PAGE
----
With M&A Popping, More Deals Lie Ahead
RJ is a member of The Motley Fool Blog Network -- entries represent the personal opinion of the blogger and are not formally edited.
Monday morning, Barnes & Noble’s Chairman Leonard Riggio announced that he will finance a bid to take the company’s retail operations private. This comes after the announcement of several other major deals, including the OfficeMax/Office Depot Merger, Berkshire and 3G Capital’s acquisition of Heinz, and Michael Dell’s bid for Dell. Let’s take a look at some potential targets.
Results in the for-profit education space have experienced significant downward pressure during the past few years. Apollo Group (NASDAQ: APOL), owner of the University of Phoenix, has seen its share price cut by 64% during the past year, after being a cash-generating darling just a few years ago. The firm’s most recent quarter showed total enrollment dropping 14%, with new enrollment dropping at a slightly faster pace.
However, the firm still enrolled 54,000 new students during its first quarter, and it believes it will generate $3.65 billion-$3.75 billion in revenue and $500 million-$550 million in operating income for fiscal 2013. More importantly, the firm’s balance sheet remains fairly unlevered, with just $75 million in debt versus an unrestricted cash balance of $776 million. The company has repurchased nearly 40% of its outstanding shares since 2005, and we anticipate the share count will fall below 100 million during fiscal year 2013.
Although there is no major insider like Richard Schulze or Michael Dell, we at Valuentum believe private equity firms may already be sniffing around given the company’s continued ability to generate large amounts of free cash flow (and its unleveraged balance sheet). We also think the company looks relatively inexpensive, but the market will likely keep shares depressed (making it an attractive takeover).
Given regulatory concerns and a declining business, we wouldn’t expect a huge premium. However, if shares fall further below the low end of our fair value estimate range ($19-$39 per share), a deal becomes even more likely, in our view.
As we see a secular shift in computing consumption from traditional PCs to smaller, mobile devices, we’re also seeing a shift in storage away from volatile-state hard drives (DRAM) to solid-state drives (SSDs). Even some of the traditional DRAM business is getting replaced by SSD due to its greater efficiency and lower power costs.
Nevertheless, both of the industry’s heavyweights, Seagate Technologies (NASDAQ: STX) and Western Digital (NASDAQ: WDC) trade at fairly reasonable forward earnings multiples, and both firms generate strong free cash flow (though capital allocation decisions differ between the two). Seagate prefers returning much of its excess free cash flow via repurchases and dividends, while Western Digital has maintained a higher cash balance and lower levels of leverage.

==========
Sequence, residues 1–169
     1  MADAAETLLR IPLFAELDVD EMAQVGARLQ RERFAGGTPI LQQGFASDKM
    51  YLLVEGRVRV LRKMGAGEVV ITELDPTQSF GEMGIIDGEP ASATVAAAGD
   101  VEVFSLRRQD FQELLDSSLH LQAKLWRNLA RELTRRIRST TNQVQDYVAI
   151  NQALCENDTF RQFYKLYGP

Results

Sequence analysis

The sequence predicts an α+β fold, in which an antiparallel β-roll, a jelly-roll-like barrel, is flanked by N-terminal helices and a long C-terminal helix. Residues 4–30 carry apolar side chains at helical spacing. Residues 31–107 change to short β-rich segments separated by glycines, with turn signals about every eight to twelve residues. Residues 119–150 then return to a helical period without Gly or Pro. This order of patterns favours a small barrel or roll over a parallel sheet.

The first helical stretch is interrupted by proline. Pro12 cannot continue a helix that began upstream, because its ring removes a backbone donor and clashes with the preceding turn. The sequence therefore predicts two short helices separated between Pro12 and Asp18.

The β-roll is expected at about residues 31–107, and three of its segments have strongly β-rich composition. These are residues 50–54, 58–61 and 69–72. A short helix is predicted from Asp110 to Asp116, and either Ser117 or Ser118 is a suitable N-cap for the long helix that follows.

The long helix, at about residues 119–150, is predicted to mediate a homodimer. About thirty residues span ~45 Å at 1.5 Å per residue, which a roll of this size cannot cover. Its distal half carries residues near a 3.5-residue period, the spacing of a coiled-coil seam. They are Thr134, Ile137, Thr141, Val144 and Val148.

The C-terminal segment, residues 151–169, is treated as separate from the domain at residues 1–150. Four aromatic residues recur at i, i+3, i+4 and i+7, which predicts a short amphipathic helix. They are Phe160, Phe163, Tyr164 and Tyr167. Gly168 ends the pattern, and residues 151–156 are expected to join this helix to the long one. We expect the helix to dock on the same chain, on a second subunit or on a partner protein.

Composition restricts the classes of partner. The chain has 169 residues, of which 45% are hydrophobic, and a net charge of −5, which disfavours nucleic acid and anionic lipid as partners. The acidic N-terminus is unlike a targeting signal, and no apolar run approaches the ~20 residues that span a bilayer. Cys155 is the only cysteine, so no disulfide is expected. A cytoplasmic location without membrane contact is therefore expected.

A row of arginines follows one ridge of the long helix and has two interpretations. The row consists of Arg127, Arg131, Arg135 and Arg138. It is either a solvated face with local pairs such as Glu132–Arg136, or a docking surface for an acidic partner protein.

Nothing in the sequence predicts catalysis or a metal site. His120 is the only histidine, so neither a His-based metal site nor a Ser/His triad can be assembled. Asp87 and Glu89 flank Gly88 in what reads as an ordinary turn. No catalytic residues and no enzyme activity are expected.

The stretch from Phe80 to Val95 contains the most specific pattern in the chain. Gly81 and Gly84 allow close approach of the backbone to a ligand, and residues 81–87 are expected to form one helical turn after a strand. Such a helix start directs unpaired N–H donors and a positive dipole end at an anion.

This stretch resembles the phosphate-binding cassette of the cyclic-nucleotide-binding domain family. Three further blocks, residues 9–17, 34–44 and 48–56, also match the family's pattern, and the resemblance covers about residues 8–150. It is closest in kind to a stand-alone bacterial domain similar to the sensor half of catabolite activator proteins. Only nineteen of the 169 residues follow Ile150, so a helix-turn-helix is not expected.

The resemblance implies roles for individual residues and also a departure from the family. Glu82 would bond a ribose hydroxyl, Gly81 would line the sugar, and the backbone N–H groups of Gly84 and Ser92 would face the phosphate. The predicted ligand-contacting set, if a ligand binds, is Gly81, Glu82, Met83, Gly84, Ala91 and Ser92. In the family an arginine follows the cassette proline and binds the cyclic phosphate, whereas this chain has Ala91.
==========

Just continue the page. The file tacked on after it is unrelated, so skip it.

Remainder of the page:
Seagate has been taken private in the past, but due to its less-leveraged balance sheet, Western Digital looks as though it’s a more likely candidate to be taken private, in our view. Samsung has an enormous stake in Seagate that could make it command a higher bid, while Western Digital does not have the same constraint.
Yet, we could see the two rivals consolidate as the outlook for the DRAM market continues to deteriorate and antitrust concerns dissipate. A deal would lead to tremendous cost savings and superior pricing power, resulting in a more profitable and valuable enterprise. Still, we’d wait to see if more downward pressure on shares of either company surfaces before becoming interested in the risk/reward without a buyout offer.
In our last M&A roundup, we identified Deckers (NASDAQ: DECK) as a firm that could find a bid. The company reports its winter-quarter earnings this week, which could substantially change the fundamental outlook as we’ll be better able to see if the company’s 2011 weakness was product or weather related. If results are substantially better than expected, we imagine the chances of a bid would fall considerably. However, if results are just in line and not a complete disaster, we believe a bidder could emerge.
Everyone’s favorite retail acquirer, VF Corp, doesn’t necessarily look like a buyer, in our view. VF Corp runs its segments sort of like Berkshire does, allowing managers to work autonomously, while the firm uses its enormous buying power to lower cost of goods sold and its scale to lower production costs. Given Deckers’ major input is sheepskin, we’re not sure how much of an advantage Uggs can gain under the VF Corp umbrella. We think a private-equity buyer looks more likely at this time.
Best Buy (NYSE: BBY) has been a likely takeover candidate for some time, but we think odds of a deal getting done are reduced every time the stock rises—shares are up 40% year-to-date. Given the large amount of time that has passed since founder Richard Schulze announced he would bid and the fact that we haven’t yet seen a bid, we think financiers are unlikely to throw capital at this deal.
We at Valuentum can’t necessarily blame them, as Best Buy has seen its margins, free cash flow, and long-term business outlook decline considerably during the past few years. Still, this is one deal that we wouldn’t be surprised to see happen. We’ll be keeping a close eye on Best Buy.
Valuentum has no position in any stocks mentioned. The Motley Fool owns shares of Western Digital. Try any of our Foolish newsletter services free for 30 days. We Fools may not all hold the same opinions, but we all believe that considering a diverse range of insights makes us better investors. The Motley Fool has a disclosure policy. Is this post wrong? Click here. Think you can do better? Join us and write your own!